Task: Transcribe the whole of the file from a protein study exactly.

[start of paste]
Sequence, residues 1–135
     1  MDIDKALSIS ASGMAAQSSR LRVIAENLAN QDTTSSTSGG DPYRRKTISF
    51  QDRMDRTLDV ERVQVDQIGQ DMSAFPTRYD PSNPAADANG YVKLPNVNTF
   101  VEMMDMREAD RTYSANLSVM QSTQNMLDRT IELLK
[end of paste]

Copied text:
Sequence, residues 1–135
     1  MDIDKALSIS ASGMAAQSSR LRVIAENLAN QDTTSSTSGG DPYRRKTISF
    51  QDRMDRTLDV ERVQVDQIGQ DMSAFPTRYD PSNPAADANG YVKLPNVNTF
   101  VEMMDMREAD RTYSANLSVM QSTQNMLDRT IELLK